|Founded||Berkeley, California, United States (1987 )|
|Headquarters||Berkeley, California, United States|
Accessible computing software|
Number of employees
Berkeley Systems was a San Francisco Bay Area software company co-founded in 1987 by Wes Boyd and Joan Blades. It made money early on by performing contract work for the National Institutes of Health, specifically in making modifications to the Macintosh so that it could be used by partially sighted or blind people. Several of these Access programs were licensed by Apple Computer and added to the operating system. Perhaps the most ambitious of these technologies was a program that could read the Macintosh screen, called outSPOKEN, which won a technology award from the Smithsonian in 1990.
The first commercial success for Berkeley Systems was a virtual desktop product for the Macintosh called Stepping Out. Given the small size of the first Macintosh screens, this product had some use and the idea was widely copied. The much bigger success was After Dark, a modular screen saver that included flying toasters, and the first of its kind to be sold. The idea was brought to Berkeley Systems by Jack Eastman and Patrick Beard. Eastman was later put in charge of software development at Berkeley Systems.
Berkeley Systems' best-selling product, the trivia game You Don't Know Jack, was developed by Jellyvision, based on their award-winning children's educational film "The Mind's Treasure Chest". YDKJ brought that program's model of interactive learning, engaging structure and pacing, and host character into the commercial mainstream. It also brought graphics, sound editing, and marketing to Berkeley; production of the show continued at Jellyvision's Chicago studios.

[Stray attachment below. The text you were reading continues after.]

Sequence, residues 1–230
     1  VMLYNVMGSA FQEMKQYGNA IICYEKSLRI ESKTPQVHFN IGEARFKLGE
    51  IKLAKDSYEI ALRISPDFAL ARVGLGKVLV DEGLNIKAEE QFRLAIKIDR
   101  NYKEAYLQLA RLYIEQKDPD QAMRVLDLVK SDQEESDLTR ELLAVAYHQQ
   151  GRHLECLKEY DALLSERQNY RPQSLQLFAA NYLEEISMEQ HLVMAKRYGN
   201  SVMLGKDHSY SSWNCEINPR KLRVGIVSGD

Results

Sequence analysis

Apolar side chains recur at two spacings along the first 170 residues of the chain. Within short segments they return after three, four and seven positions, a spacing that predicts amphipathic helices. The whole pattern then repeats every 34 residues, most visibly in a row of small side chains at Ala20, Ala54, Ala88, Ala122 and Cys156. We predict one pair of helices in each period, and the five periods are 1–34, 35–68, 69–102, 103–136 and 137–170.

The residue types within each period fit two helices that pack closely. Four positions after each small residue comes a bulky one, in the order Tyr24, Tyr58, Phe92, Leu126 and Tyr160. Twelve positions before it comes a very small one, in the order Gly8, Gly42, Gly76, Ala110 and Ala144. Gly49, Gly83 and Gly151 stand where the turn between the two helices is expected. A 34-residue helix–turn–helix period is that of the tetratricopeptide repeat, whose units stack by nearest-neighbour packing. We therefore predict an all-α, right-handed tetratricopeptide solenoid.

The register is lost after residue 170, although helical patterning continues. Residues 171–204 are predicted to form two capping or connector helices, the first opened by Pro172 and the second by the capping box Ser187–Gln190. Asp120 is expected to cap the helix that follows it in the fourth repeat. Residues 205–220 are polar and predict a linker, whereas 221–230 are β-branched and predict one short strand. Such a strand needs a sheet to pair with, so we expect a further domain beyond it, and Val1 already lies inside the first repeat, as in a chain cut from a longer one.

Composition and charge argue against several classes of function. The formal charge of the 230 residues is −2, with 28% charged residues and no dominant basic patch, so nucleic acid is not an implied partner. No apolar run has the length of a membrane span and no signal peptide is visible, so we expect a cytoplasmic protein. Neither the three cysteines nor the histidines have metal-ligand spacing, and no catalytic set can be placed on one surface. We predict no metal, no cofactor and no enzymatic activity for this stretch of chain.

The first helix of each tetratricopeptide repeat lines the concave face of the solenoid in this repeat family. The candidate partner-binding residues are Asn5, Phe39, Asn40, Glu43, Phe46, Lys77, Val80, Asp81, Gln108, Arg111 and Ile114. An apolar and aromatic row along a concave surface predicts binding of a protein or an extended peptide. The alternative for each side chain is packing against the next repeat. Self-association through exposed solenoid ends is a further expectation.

Based in the old Pacific Bell building on Rose Street at Shattuck Avenue in Berkeley, California, Berkeley Systems grew to 120 employees and US$30 million annual revenue before it was acquired by the Sierra On-Line division of CUC International in 1997 for $13.8 million. Vivendi Universal’s subsequent acquisition of Sierra, and a host of similar enterprises, enjoined diverse competing sales and marketing departments with one sole directive: sell Web banner advertisements. As a result, Berkeley Systems became the U.S. headquarters of French-owned Flipside.com. In early 2000, Berkeley Systems was folded into the fledgling Los Angeles-based gambling site iWin.com, per the terms of that site's acquisition by Vivendi.
The toasters were the subject of two lawsuits, the first in 1993, Berkeley Systems vs Delrina Corporation, over a module of Delrina's Opus 'N Bill screen saver in which Opus the Penguin shoots down the toasters. Delrina later changed the wings of the toasters to propellers in order to avoid infringing the trademark. The second case was brought in 1994 by the 1960s rock group Jefferson Airplane who claimed that the toasters were a copy of the winged toasters featured on the cover of their 1973 album Thirty Seconds Over Winterland. The case was dismissed, because the cover art had not been registered as a trademark by the group prior to Berkeley Systems' release of the screen saver.